Stanford GSB | Ms. Creative Data Scientist
GMAT 710, GPA 3.0
Harvard | Mr. Gay Singaporean Strategy Consultant
GMAT 730, GPA 3.3
Duke Fuqua | Ms. Consulting Research To Consultant
GMAT 710, GPA 4.0 (no GPA system, got first (highest) division )
MIT Sloan | Ms. Environmental Sustainability
GMAT 690, GPA 7.08
Wharton | Ms. Product Manager
GMAT 730, GPA 3.4
Stanford GSB | Mr. Future Tech In Healthcare
GRE 313, GPA 2.0
MIT Sloan | Mr. Agri-Tech MBA
GRE 324, GPA 4.0
Stanford GSB | Ms. Anthropologist
GMAT 740, GPA 3.3
MIT Sloan | Mr. Aker 22
GRE 332, GPA 3.4
UCLA Anderson | Ms. Tech In HR
GMAT 640, GPA 3.23
UCLA Anderson | Mr. Military To MGMNT Consulting
GMAT 740, GPA 3.7
Wharton | Mr. Data Scientist
GMAT 740, GPA 7.76/10
Harvard | Ms. Nurturing Sustainable Growth
GRE 300, GPA 3.4
MIT Sloan | Ms. Senior PM Unicorn
GMAT 700, GPA 3.18
Harvard | Mr. Lieutenant To Consultant
GMAT 760, GPA 3.7
Stanford GSB | Mr. “GMAT” Grimly Miserable At Tests
GMAT TBD - Aug. 31, GPA 3.9
MIT Sloan | Mr. Electrical Agri-tech
GRE 324, GPA 4.0
Yale | Mr. IB To Strategy
GRE 321, GPA 3.6
Harvard | Mr. Overrepresented MBB Consultant (2+2)
GMAT 760, GPA 3.95
Kellogg | Ms. Freelance Hustler
GRE 312, GPA 4
Kellogg | Ms. Gap Fixer
GMAT 740, GPA 3.02
Harvard | Mr. Little Late For MBA
GRE 333, GPA 3.76
Cornell Johnson | Mr. Wellness Ethnographer
GRE 324, GPA 3.6
Wharton | Ms. Financial Real Estate
GMAT 720, GPA 4.0
Harvard | Mr. The Italian Dream Job
GMAT 760, GPA 4.0
NYU Stern | Mr. Labor Market Analyst
GRE 320, GPA 3.4
Wharton | Mr. Indian IT Auditor
GMAT 740, GPA 3.8

Columbia MBAs Soak Up The West Coast Way

Columbia Business School MBA students on their 2016 swing through West Coast companies

DIFFERENT KINDS OF FACE TIME 

The trek is constantly evolving, Resnick says, just as the business and tech landscapes are constantly shifting. A big change implemented this year, de Vries says, is a series of four informal, role-based dinners with professionals.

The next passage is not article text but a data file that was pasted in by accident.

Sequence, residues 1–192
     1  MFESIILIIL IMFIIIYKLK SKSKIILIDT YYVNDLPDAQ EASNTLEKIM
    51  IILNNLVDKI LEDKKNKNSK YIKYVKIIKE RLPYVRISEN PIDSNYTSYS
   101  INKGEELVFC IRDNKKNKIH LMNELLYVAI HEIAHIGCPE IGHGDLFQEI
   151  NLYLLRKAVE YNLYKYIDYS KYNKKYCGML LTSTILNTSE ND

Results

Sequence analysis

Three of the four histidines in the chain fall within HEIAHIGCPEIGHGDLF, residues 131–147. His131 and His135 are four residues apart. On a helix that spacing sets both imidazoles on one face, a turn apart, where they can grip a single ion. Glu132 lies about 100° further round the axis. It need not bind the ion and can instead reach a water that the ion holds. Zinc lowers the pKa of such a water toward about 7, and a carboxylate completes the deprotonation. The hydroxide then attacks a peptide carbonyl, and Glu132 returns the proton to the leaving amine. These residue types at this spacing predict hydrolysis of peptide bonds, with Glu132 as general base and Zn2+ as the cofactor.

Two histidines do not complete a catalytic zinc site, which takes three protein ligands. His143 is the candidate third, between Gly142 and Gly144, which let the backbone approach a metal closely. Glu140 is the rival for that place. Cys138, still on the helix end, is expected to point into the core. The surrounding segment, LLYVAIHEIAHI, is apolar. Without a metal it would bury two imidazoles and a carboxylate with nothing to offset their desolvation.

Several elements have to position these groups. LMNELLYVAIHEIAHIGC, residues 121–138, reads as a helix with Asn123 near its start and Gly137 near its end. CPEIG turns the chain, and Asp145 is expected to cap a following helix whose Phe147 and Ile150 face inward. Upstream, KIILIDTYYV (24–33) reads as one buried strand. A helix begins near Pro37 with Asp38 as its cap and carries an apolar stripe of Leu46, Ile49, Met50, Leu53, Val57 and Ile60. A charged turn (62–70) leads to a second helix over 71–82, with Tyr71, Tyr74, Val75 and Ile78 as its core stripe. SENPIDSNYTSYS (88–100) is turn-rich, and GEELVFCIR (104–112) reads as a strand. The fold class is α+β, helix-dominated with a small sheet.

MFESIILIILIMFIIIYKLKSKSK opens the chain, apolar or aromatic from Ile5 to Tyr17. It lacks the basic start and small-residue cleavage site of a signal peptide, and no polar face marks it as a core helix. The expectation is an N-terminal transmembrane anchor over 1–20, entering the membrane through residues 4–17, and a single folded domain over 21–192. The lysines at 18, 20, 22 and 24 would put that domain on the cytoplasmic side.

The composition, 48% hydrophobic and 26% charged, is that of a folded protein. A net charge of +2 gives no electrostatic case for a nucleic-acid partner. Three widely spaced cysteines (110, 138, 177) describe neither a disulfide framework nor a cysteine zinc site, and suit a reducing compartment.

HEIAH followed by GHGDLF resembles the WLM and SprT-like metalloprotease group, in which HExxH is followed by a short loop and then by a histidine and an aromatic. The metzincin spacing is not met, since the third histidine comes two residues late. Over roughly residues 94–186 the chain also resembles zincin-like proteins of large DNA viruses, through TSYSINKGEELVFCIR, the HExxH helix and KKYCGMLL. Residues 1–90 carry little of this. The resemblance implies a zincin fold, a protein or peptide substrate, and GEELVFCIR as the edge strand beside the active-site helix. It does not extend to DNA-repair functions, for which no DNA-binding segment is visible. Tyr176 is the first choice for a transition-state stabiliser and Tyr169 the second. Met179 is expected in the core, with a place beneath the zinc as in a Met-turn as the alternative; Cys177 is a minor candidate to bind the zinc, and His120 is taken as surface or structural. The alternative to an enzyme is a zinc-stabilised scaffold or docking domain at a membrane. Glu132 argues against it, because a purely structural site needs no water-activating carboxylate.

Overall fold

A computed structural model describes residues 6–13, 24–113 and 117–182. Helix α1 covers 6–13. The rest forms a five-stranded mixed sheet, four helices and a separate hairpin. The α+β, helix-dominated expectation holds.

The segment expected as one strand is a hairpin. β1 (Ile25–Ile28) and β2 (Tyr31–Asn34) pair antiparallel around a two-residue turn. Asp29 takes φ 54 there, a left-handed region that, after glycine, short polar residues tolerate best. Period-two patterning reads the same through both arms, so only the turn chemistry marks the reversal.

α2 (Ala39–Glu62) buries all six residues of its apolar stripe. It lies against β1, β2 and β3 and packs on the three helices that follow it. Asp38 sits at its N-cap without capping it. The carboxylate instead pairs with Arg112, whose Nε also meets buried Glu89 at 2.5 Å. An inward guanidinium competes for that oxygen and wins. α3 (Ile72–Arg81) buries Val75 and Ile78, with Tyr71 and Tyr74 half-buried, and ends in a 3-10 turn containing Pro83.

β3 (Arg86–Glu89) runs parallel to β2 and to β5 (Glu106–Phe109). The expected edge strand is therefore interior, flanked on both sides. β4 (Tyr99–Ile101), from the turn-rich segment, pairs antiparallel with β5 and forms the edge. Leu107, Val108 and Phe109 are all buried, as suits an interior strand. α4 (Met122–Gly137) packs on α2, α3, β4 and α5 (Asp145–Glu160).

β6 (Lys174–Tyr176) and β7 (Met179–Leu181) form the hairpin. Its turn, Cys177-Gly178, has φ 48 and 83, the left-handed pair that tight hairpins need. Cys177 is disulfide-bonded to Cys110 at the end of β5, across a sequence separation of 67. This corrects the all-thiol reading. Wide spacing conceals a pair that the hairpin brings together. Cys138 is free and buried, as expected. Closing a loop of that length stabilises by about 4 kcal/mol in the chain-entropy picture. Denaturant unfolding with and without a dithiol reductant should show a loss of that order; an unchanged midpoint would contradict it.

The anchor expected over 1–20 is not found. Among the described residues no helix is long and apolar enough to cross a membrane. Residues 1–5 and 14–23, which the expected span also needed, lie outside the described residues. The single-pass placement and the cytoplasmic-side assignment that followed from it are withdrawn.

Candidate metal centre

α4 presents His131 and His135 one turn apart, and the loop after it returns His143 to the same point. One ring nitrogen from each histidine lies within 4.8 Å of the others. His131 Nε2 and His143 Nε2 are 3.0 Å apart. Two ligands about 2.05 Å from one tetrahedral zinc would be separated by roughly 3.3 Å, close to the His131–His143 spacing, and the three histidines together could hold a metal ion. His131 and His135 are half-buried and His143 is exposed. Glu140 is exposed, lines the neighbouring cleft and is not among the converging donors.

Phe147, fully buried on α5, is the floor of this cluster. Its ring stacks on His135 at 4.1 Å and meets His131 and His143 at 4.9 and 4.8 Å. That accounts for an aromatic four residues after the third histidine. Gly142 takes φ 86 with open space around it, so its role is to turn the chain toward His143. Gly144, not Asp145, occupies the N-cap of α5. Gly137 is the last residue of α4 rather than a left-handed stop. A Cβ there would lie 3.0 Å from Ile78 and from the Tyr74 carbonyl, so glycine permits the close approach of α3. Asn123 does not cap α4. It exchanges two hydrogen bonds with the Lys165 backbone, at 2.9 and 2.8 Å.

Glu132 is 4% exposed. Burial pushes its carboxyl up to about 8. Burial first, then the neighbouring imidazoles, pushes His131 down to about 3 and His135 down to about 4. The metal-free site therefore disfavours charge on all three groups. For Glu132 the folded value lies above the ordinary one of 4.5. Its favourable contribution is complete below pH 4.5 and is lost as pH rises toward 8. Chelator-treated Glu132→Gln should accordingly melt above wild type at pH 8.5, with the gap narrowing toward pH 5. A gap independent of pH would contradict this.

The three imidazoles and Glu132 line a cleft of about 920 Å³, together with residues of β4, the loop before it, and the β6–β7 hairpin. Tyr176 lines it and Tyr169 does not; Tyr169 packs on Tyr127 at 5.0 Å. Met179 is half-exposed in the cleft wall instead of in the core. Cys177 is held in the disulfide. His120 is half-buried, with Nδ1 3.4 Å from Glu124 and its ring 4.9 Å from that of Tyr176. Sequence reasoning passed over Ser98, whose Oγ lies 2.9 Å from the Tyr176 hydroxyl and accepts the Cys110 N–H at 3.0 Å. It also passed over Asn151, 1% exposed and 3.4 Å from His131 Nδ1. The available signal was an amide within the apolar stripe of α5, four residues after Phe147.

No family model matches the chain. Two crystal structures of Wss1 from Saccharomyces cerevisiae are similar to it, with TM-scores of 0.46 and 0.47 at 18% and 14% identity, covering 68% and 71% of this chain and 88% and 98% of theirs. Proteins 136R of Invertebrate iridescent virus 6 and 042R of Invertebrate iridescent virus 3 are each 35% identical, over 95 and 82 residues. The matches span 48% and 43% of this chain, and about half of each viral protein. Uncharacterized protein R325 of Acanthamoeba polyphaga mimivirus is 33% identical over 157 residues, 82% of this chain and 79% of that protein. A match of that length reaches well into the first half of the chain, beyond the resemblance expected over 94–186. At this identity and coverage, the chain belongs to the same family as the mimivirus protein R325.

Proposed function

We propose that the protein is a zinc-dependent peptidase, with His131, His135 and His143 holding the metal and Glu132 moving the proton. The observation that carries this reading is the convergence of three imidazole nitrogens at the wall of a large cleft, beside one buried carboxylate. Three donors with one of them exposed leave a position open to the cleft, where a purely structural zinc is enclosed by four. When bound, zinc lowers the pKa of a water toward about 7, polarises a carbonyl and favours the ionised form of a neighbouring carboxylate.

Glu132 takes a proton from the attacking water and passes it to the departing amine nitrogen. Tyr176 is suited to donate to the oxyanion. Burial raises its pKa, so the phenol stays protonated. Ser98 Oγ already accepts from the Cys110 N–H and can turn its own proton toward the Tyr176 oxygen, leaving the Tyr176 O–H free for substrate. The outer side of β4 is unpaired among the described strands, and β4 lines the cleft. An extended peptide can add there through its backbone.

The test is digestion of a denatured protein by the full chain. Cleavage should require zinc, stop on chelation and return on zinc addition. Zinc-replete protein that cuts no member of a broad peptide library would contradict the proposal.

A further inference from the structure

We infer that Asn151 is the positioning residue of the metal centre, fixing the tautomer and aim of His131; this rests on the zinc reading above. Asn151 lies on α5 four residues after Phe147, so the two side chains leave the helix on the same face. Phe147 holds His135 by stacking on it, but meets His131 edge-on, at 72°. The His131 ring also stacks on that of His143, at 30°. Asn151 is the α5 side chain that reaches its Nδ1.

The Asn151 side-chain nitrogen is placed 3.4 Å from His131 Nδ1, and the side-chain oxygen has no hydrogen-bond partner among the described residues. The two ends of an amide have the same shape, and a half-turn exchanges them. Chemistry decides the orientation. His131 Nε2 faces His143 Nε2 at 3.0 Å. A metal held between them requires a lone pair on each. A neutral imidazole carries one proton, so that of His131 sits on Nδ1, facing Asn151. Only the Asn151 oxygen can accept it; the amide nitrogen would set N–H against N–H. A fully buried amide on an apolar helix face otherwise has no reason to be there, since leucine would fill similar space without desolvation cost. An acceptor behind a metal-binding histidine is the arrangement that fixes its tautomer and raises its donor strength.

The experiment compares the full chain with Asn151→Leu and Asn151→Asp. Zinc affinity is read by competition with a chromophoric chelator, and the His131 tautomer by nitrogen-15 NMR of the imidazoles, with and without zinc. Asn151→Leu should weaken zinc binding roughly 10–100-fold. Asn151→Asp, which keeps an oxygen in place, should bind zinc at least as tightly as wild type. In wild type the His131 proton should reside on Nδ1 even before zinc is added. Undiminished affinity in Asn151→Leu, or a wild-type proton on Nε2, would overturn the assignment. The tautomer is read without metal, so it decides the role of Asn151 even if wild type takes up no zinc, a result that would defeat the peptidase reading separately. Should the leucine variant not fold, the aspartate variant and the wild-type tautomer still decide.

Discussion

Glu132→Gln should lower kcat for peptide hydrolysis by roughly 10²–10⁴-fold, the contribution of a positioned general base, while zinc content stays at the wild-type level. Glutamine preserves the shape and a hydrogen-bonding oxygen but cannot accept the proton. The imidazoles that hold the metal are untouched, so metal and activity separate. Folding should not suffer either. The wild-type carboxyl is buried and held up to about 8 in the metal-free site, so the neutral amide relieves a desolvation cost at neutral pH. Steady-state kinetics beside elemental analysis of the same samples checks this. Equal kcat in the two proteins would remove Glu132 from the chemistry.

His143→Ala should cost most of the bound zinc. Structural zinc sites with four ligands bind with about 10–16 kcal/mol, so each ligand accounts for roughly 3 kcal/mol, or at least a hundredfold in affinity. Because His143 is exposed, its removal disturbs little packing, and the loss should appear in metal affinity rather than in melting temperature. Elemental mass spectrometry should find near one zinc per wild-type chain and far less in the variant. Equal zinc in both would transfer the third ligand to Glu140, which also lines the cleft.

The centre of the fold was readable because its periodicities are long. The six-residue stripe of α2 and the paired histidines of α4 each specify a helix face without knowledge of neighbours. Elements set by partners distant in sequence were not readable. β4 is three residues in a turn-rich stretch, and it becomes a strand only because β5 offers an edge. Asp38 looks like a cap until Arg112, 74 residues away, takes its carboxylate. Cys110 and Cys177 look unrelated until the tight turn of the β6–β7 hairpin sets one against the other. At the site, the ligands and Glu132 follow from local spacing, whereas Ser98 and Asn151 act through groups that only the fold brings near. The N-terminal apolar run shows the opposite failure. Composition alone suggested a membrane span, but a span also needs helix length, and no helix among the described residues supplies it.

“On the trek there’s only so much time for a company visit, and there are so many students in the room,” de Vries says. “In order to connect on a more personal level, we facilitated four dinners around product, marketing and sales, business development, and business operations. Learning more about their day-to-day work and personal lives was amazing. We heard feedback of this session being the most enjoyable session of the week for students, so this and similar-type sessions would be worth doing during future editions.”

Amrinder Chawla, Class of 2018, says he and other organizers have done a “stellar” job in implementing the dinners and other aspects of the trek, which he says has “more than lived up to expectations.”

“The only thing I would change would maybe be to schedule the trek a few days after New Year’s eve,” Chawla says, “as some people at these companies aren’t back from winter break. However, having said that, doing the trek in this week has also allowed us to get far more face time with the executives and teams at these companies than we would have if we were visiting during busier periods.”

‘REAL DIFFERENCES IN THE CULTURE’

Amrinder Chawla

Chawla says he has been genuinely surprised by the value tech companies place in MBA students and how MBAs proliferate across different functional areas in each. “Going into the trek,” he says, “I was under the assumption that most MBAs at tech companies are broadly bucketed into two categories: those with technical, engineering backgrounds who work on product and those with non-technical, engineering backgrounds who work in sales. It has been quite refreshing to see the wide variety of opportunities that MBA students like myself can pursue outside these two categories.”

That’s in keeping with what Resnick calls the main goal of the trek. “The whole reason for this trip,” she says, “is really about education and about understanding what’s happening here so students can be conversant in what’s happening here, how maybe this ecosystem is different than the East Coast, because there is such a huge tech scene there now and that’s really exciting and students have options, and a lot of the companies that started here now have major offices in the East.”

Resnick mentions a dinner earlier in the week with 95 alumni of Columbia Business School, held at a WeWork space in the Mission district of San Francisco. “The key is also building the network, and so last night with all these alumni that was really crucial in terms of students really getting the real deal,” she says.

“So what is it really like to work at these companies? There are real differences in the culture, and it’s those relationships that will be important for them securing things that are outside of the local market.”

DON’T MISS TUCK TAKES MBAs ON BAY AREA MARKETING TREK and HOW AMERICA’S BREAD BASKET SCHOOLS LAND THEIR MBAs TECH JOBS and MEET THE COLUMBIA MBA CLASS OF 2017

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